Posted in: Briefs, Photonics, Measurements, Optics, Radiation


Photonic Choke-Joints for Dual-Polarization Waveguides

The joint is constructed from a conductive metal, and requires no maintenance or peripheral equipment to operate.Photonic choke-joint (PCJ) structures for dual-polarization waveguides have been investigated at NASA's Goddard Space Flight Center for use in device and component packaging. This interface enables the realization of a high-performance, non-contacting waveguide joint without degrading the in-band signal propagation properties. The choke properties of two tiling approaches — symmetric square Cartesian and octagonal quasi-crystal lattices of metallic posts — are explored and optimal PCJ design parameters are presented. For each of these schemes, the experimental results for structures with finite tilings demonstrate near ideal transmission and reflection performance over a full waveguide band.

Posted in: Briefs, Photonics, Electronic equipment, Waveguides, Product development


Smart Optical Material Characterization System and Method

This technology creates a flexible, unified platform for dynamic smart optical material evaluation.NASA's Langley Research Center has developed an adaptable and powerful interferometric test platform that uniquely enables multi-parameter evaluation of a wide variety of smart optical materials (SOM). The patent-pending SOM characterization system was created to measure the dynamic optical response of stimuli-responsive (“smart”) optical materials while external physical/electrical/thermal/chemical/pressure/magneto stimuli are applied to the material. Using novel interferometric fringe analysis software and a multi-stimuli-capable SOM test cell, the SOM characterization system enables a wide variety of materials — such as liquid crystals, nonlinear crystals, electro- and thermo-active polymer optics, and magneto- or piezo-driven optics — to be optically characterized for real-time changes in intensity, phase, and polarization. The versatility of the SOM test platform combined with the powerful, efficient, and user-friendly software interface makes it a valuable tool for the research or commercial development of smart materials.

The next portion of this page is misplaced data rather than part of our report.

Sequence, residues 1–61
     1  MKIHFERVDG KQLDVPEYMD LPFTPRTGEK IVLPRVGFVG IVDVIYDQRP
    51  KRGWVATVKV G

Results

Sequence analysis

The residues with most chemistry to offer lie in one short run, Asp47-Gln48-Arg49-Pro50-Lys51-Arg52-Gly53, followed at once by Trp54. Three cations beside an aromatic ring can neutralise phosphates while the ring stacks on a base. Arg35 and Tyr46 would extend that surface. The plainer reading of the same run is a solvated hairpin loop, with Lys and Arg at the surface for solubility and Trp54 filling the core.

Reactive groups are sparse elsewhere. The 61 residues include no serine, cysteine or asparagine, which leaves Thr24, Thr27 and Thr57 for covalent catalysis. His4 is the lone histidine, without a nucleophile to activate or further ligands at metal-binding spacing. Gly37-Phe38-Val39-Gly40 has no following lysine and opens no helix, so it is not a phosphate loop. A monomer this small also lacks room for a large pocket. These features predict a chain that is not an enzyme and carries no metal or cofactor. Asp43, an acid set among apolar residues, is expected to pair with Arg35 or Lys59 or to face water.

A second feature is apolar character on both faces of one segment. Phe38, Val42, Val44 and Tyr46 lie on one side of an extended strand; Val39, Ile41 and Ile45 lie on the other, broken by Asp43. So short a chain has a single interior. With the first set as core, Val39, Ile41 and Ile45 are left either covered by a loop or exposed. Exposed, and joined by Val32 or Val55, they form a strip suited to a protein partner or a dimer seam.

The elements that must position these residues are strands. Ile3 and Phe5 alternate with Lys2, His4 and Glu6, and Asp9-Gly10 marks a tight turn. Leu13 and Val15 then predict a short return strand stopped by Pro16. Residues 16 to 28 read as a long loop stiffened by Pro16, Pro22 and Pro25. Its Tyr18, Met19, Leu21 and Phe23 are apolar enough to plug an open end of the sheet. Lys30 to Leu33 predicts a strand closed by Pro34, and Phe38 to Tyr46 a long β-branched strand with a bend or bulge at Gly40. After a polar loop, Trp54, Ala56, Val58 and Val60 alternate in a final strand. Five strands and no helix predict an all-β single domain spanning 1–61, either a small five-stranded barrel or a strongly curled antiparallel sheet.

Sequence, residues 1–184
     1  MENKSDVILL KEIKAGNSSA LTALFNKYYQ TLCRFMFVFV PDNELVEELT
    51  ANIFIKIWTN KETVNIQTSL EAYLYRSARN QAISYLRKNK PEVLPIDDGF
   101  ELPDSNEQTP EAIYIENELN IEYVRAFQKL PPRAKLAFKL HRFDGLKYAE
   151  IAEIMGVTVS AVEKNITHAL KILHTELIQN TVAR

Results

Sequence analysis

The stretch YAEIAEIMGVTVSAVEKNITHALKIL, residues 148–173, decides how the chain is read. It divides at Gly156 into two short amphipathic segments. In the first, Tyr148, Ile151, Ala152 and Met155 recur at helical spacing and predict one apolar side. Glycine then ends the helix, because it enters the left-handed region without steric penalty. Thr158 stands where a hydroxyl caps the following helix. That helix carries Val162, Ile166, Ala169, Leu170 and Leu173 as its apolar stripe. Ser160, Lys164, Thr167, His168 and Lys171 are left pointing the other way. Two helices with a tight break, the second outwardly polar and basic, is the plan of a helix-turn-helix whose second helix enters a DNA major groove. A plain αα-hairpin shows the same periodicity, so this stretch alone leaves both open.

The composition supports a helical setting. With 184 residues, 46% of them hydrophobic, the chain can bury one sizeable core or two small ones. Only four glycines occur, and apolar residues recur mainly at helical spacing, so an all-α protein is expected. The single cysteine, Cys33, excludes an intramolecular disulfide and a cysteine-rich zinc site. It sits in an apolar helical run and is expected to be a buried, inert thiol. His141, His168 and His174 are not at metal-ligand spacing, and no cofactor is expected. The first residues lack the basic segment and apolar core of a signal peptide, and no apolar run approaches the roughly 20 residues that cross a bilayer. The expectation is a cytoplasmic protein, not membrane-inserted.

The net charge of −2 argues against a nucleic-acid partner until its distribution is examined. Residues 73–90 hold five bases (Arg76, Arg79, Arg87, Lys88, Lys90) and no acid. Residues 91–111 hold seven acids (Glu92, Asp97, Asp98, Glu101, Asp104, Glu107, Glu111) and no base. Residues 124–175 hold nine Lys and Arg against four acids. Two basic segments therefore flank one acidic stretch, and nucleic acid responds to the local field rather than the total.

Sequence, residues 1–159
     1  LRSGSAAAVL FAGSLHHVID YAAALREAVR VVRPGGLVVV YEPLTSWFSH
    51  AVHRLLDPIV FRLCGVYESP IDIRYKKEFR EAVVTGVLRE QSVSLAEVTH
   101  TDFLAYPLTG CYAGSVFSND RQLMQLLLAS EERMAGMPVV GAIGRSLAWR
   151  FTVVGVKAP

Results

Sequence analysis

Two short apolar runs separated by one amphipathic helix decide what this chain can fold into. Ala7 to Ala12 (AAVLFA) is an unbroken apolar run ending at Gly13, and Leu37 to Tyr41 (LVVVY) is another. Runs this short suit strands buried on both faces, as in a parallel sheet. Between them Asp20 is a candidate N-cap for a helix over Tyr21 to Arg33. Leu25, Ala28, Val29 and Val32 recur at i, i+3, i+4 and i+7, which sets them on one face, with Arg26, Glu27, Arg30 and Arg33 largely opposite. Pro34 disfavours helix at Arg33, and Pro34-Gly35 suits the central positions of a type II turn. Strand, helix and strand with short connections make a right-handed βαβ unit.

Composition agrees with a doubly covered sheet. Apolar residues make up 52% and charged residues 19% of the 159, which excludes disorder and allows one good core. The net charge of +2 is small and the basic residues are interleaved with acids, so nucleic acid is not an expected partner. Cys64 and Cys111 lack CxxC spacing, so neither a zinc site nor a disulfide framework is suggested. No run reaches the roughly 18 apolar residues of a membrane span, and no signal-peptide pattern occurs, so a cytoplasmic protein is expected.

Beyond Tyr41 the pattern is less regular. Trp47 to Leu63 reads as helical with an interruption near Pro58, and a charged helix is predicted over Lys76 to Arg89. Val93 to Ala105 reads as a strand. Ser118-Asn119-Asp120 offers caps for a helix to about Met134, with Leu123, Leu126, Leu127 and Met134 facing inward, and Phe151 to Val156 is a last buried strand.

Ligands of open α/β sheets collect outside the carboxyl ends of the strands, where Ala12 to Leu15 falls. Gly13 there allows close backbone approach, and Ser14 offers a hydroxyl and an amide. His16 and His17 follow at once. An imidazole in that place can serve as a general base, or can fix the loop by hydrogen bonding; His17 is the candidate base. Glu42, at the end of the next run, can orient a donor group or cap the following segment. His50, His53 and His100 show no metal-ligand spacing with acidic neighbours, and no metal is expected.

Posted in: Briefs, Photonics, Computer software and hardware, Optics, Materials identification, Smart materials, Test equipment and instrumentation